Right-to-Know Info Shrinks | Chemical & Engineering News
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Web Date: December 19, 2006

Right-to-Know Info Shrinks

EPA says change to TRI will reward cleaner firms; activists, Democrats decry move
Department: Government & Policy | Collection: Safety
News Channels: Environmental SCENE

Thousands of industrial facilities across the U.S. will provide far less information than previously required about their annual toxic releases under a rule the Bush Administration unveiled on Dec. 18.

About a third of the 24,000 facilities that file Toxics Release Inventory (TRI) reports each year are now eligible to submit less data on one or more chemicals, according to EPA.

Community activists and environmental groups say the change limits the public's right to know about releases of hazardous chemicals into the environment.

EPA Deputy Administrator Marcus Peacock says the new rule will encourage companies to become cleaner and more efficient. This is because the changes allow companies that release or dispose of less than 2,000 lb per year of most TRI chemicals to file less information with EPA than they do now.

The change involves the criteria for determining which of two standard TRI forms facilities must fill out and return each year. TRI information gets submitted to EPA on either a long form, called Form R, or a short one, Form A.

Form A requires the name of the facility and the name of the chemical handled. Form R includes this information along with the volume of the substance released and whether the compound is released to air, water, or land.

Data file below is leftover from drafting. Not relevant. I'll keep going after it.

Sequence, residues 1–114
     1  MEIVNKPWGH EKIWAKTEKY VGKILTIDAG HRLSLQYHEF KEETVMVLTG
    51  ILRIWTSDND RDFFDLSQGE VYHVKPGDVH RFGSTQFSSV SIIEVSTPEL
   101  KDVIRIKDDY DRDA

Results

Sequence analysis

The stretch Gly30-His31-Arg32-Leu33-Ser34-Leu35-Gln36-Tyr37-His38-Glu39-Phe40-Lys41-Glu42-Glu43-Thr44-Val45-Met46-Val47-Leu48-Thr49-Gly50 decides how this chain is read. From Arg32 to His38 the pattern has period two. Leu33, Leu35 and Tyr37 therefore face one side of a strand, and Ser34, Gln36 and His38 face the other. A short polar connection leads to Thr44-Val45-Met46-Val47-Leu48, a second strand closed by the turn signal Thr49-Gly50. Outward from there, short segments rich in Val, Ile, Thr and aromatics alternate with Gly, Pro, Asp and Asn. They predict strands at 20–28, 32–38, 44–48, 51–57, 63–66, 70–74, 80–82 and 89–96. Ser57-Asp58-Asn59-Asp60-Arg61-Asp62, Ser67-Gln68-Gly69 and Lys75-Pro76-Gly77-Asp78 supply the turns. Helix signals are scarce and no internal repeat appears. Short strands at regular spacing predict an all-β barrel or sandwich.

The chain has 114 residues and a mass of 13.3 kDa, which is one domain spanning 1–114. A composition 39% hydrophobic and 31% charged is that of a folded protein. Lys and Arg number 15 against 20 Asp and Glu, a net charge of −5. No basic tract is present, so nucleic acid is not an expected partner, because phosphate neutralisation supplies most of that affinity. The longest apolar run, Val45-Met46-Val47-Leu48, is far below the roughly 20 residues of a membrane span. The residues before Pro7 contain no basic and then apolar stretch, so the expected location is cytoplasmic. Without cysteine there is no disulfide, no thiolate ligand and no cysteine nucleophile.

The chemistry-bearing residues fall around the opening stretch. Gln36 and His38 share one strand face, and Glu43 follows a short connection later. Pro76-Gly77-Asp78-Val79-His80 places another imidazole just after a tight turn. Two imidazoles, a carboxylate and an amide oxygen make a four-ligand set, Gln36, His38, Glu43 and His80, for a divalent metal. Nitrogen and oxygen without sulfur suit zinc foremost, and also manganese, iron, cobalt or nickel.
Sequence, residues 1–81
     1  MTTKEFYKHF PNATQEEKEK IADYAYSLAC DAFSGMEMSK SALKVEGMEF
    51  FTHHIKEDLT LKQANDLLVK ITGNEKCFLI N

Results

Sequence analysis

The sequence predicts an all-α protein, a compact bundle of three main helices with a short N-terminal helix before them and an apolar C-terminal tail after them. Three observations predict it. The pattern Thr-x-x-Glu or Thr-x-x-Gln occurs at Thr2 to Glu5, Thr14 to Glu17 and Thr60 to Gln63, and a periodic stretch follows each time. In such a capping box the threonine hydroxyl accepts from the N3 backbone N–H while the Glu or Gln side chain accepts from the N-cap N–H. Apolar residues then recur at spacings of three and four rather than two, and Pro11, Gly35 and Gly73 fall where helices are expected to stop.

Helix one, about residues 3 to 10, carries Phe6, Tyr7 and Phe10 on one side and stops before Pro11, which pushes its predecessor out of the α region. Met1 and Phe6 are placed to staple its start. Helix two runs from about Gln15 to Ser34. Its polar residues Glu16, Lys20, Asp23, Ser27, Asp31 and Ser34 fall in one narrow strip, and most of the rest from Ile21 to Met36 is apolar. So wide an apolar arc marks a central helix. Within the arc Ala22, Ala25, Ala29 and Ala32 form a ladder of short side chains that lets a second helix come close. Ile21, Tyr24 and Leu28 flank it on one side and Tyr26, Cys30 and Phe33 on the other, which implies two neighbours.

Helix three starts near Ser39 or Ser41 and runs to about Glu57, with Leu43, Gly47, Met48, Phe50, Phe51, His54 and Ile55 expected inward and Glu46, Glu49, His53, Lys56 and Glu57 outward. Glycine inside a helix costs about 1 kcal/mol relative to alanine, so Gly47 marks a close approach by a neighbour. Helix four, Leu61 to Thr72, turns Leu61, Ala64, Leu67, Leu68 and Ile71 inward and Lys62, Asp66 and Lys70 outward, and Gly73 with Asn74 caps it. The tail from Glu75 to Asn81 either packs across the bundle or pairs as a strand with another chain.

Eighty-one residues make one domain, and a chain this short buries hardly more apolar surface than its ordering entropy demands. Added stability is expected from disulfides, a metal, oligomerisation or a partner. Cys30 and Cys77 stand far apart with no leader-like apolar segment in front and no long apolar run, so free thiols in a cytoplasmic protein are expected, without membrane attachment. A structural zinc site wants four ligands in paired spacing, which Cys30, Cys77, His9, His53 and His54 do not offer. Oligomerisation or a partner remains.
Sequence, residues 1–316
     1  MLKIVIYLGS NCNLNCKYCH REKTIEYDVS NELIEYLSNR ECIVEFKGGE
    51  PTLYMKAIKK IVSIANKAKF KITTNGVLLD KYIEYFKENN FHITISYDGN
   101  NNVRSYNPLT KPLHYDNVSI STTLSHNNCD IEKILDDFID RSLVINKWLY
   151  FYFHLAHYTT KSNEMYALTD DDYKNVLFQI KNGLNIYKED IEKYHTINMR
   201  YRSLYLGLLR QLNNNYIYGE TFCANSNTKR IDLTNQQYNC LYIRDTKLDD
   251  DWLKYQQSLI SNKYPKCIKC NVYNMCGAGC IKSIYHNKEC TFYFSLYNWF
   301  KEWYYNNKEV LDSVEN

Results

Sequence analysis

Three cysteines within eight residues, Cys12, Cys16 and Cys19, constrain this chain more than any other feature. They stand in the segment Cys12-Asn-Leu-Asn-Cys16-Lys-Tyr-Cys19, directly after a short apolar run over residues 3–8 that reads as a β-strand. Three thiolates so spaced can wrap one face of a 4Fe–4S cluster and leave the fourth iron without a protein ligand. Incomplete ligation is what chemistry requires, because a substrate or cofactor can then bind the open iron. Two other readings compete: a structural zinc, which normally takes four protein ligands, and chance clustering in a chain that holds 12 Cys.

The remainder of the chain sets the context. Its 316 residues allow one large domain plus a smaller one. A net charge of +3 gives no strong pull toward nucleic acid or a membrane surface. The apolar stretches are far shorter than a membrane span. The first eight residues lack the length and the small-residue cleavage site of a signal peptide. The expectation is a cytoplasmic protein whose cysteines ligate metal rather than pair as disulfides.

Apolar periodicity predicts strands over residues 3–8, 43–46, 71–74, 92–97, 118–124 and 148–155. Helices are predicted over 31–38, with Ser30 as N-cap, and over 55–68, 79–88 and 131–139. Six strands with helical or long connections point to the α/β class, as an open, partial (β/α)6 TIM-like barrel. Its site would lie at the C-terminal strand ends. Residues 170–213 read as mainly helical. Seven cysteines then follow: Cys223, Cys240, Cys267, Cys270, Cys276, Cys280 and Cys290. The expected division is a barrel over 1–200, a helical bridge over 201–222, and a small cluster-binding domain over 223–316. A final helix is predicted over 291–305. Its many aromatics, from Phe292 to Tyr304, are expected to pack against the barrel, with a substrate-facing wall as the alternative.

In the past, a facility could file the short form if it released or disposed of less than 500 lb per year of a chemical listed on TRI, with this exception: Facilities could not use the short form for a substance categorized by EPA as persistent, bioaccumulative, and toxic (PBT).

Under the new rule, facilities can use Form A if they release or dispose of four times as much—2,000 lb—of a chemical that is not classified as PBT.

In addition, facilities can now use the short form to report on PBT substances, such as mercury compounds, they generate in waste. Facilities may do so if they have no releases or disposal of the PBT chemical. As an additional qualification to use the short form, they can recycle or send for hazardous waste treatment no more than 500 lb of the PBT substance.

This change, Peacock says, will encourage companies to become cleaner and reduce releases of PBTs.

Environmental groups decried the Bush Administration's move. "EPA has severely limited the public's right to know," says Thomas E. Natan Jr., research director for the National Environmental Trust. "Critical possible threats will be hidden from view."

Some Democrats in Congress pledged to change the rule. "I will work with my colleagues in the House and Senate to reverse the terrible decision EPA announced today," Sen. Frank Lautenberg (D-N.J.) said in a Dec. 18 statement.

An analysis by the National Environmental Trust, an environmental group, says the U.S. military and many large companies—including chemical distributors Univar USA, Chemcentral, and Brenntag—will be the beneficiaries of the TRI reporting change.

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